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Our DnD characters wouldn’t be truly ours if we didn’t have abilities and qualities that set them apart from each other. Feats are just one thing that can mark the progression of your character and make them different from others in your playgroup.

You might be wondering how to get feats in DnD, especially since so many of them are quite useful. I’ll be discussing that in this post, as well as answering some common questions about feats.

What are Feats?

So, what is a feat? That seems like as good a starting point as any.

A feat is an ability that corresponds with a talent your character has. It could be a natural quality your character has that comes from their racial background, or it may be something they trained to learn.

The feats available and how you get them vary based on which edition you play in. I guess I should note here that we’ll specifically be discussing the Fifth Edition of Dungeons and Dragons, because that is both the most recent and beginner-friendly version.

If you’d like to see a whole list of possible feats from 5e, you can check out this comprehensive list.

How to Get Feats in DnD

Technically, feats are optional – you might not even have them in your campaign. However, I’ve personally never played a game where we didn’t have feats. They’re a fun way to customize your characters, after all.

Assuming your campaign is using feats, you’ll find detailed information on them in the Player’s Handbook. You’ll be able to get them when there’s an increase in your character’s Ability Scores.

When your character’s Ability Scores change depends on your class. Generally, it occurs when you reach certain levels, such as 4, 8, 12, 16, and 19.

Keep in mind that if you use feats, you’re choosing not to take the Ability Score increase. You’ll get the feat instead, unless you happen to choose a feat that also increases one of your Ability Scores.

Feat FAQs

Does DnD 5e have feats?

The short answer to that question is yes. Fifth Edition Dungeons and Dragons does have feats, but the truth is that they’re optional.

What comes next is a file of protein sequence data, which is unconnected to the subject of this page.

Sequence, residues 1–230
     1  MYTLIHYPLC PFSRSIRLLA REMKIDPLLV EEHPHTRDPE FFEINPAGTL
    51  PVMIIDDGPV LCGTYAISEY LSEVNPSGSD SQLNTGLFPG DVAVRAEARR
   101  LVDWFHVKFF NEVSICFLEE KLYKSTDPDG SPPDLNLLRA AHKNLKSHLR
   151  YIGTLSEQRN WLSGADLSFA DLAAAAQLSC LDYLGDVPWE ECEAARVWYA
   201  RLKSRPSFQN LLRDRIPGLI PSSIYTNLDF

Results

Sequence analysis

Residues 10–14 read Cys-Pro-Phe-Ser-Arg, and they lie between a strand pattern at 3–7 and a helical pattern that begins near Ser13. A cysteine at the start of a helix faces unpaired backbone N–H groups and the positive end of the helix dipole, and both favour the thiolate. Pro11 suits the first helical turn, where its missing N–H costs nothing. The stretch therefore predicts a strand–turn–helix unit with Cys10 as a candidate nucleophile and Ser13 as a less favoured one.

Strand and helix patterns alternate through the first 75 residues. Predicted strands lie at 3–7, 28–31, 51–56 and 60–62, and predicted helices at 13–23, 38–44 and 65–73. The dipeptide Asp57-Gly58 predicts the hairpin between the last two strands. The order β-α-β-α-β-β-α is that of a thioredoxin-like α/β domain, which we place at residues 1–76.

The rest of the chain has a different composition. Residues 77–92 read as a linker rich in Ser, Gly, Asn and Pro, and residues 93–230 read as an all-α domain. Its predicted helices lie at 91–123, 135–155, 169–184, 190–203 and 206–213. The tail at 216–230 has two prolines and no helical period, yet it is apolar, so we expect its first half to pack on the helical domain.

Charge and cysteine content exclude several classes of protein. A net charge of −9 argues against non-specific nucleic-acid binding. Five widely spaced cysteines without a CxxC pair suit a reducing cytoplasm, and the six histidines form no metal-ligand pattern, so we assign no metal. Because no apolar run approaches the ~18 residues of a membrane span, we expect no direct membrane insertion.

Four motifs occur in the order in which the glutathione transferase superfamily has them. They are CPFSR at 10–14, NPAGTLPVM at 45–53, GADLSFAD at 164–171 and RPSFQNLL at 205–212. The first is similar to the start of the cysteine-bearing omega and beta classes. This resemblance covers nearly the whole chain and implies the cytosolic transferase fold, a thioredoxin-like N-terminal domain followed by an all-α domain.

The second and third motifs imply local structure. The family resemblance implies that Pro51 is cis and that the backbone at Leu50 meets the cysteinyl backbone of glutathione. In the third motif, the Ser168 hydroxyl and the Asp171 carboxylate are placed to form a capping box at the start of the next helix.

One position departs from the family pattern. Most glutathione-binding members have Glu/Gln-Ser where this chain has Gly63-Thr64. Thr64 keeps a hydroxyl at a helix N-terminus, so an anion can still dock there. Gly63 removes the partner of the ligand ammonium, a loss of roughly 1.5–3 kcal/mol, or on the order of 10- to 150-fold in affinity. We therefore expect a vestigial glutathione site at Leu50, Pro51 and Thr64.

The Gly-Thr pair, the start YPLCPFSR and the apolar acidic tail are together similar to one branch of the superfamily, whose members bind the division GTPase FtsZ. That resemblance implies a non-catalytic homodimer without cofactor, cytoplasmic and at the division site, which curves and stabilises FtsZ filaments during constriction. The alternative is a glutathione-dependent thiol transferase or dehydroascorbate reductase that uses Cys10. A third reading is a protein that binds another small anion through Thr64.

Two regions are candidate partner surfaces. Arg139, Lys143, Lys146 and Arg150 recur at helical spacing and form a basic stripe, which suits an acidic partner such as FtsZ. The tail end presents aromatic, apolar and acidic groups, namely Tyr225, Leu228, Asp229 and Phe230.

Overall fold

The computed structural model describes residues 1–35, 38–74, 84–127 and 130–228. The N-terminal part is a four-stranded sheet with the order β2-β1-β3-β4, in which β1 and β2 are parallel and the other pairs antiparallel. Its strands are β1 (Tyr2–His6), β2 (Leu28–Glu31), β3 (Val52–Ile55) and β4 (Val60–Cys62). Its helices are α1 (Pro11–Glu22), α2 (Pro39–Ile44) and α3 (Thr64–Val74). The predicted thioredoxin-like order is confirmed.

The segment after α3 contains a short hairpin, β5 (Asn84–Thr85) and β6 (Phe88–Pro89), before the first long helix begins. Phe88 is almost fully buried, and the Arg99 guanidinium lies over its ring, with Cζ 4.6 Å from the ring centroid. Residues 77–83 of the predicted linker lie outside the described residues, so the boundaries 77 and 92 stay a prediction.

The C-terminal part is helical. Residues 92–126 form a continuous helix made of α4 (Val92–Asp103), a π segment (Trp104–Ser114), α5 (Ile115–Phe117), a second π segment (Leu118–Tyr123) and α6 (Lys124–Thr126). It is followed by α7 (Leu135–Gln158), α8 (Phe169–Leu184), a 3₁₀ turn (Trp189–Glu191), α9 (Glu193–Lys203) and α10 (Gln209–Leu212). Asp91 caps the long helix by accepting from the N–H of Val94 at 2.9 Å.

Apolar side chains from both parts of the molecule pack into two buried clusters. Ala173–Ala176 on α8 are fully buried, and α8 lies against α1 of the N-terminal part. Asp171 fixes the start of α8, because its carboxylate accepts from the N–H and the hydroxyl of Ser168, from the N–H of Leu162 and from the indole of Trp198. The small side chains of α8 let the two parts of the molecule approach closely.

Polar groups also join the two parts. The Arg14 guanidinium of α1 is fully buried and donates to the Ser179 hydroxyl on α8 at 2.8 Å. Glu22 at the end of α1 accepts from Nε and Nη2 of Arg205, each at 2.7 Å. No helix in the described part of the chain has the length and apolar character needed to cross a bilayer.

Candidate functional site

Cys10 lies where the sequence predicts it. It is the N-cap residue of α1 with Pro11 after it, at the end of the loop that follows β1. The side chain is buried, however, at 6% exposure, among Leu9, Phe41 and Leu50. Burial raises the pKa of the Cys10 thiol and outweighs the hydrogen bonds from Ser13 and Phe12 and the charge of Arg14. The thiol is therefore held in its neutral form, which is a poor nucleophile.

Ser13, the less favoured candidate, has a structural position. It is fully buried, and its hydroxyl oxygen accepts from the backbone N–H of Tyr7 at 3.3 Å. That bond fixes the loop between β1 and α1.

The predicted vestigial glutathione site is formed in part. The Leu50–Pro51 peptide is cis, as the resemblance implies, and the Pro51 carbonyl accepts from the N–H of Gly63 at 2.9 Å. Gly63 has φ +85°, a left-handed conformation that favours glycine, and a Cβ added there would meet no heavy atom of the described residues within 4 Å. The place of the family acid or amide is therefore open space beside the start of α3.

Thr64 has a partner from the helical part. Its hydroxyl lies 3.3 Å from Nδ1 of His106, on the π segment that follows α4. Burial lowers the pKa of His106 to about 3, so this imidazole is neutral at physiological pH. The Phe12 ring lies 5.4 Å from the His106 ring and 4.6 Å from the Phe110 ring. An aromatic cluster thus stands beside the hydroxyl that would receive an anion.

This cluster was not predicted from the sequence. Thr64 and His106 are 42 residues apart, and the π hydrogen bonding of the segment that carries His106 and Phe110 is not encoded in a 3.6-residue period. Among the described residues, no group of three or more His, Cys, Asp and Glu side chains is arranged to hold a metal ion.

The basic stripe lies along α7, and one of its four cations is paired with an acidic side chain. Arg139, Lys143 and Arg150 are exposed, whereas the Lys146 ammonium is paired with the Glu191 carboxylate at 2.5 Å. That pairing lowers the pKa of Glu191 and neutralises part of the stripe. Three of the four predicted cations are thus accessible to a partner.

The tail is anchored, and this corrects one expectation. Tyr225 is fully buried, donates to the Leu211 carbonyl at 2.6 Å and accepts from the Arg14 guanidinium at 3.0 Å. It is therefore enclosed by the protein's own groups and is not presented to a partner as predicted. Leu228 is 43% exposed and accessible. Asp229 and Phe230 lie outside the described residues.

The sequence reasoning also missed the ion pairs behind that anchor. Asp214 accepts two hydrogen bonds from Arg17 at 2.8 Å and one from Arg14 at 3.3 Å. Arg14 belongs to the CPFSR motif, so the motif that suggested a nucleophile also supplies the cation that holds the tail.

It will be up to your DM largely to decide whether or not you can use the list of feats in the Player’s Handbook. Again, however, I’ve never played in a campaign where we didn’t use feats.

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Can you learn feats in 5e?

In some tabletop RPG systems, you can increase your skills simply by making time in-game to practice them. This is semi-true, for example, with Call of Cthulhu, which allows you to incrementally increase your skills based on if you used them successfully in a story.

Is this same thing possible for DnD 5e? Not really. Typically, you only gain new feats when your Ability Scores would increase, which as we mentioned earlier, usually occurs when you reach specific levels.

At the end of the day, though, this depends on your DM. There’s no reason why they couldn’t have a homebrewed rule allowing you to pick up feats in other ways.

Do you get a feat at level 1 in 5e?

Another question many min-maxers will probably ask is if there’s any way to get feats right off the bat. The answer to that particular question is sort of.

There is one way to game the system here, and that’s to play as a variant human. Instead of taking the +1 bonus to all your Ability Scores in character creation, you can choose to take that bonus for two of your scores and then get one feat.

If that sounds small, we’d remind you to look at this list of feats again. Choosing the right feat can give you a huge bonus depending on the kind of character you’re playing.

Of course, your group can also utilize its own rules about feats, too.

Read Next: Why is DnD so Complicated?

How many feats are in 5e?

There’s honestly quite a long list of feats in the fifth edition of Dungeons and Dragons. I’ve found exactly eighty of them.

However, you can take a look at the full list yourself. Remember that these are just the feats included in the book.

As always, it’s possible to come up with feats of your own if your DM allows it.

Wrap Up

If you’re new to Dungeons and Dragons, building a new character and improving on an old one can seem complicated. Put in the time and effort, though, and I think you’ll love watching your character grow into a real hero (or villain – I won’t judge). Got any other questions about the game? You can let me know in the comments below or check out our Dungeons and Dragons section to see if we’ve answered it yet.

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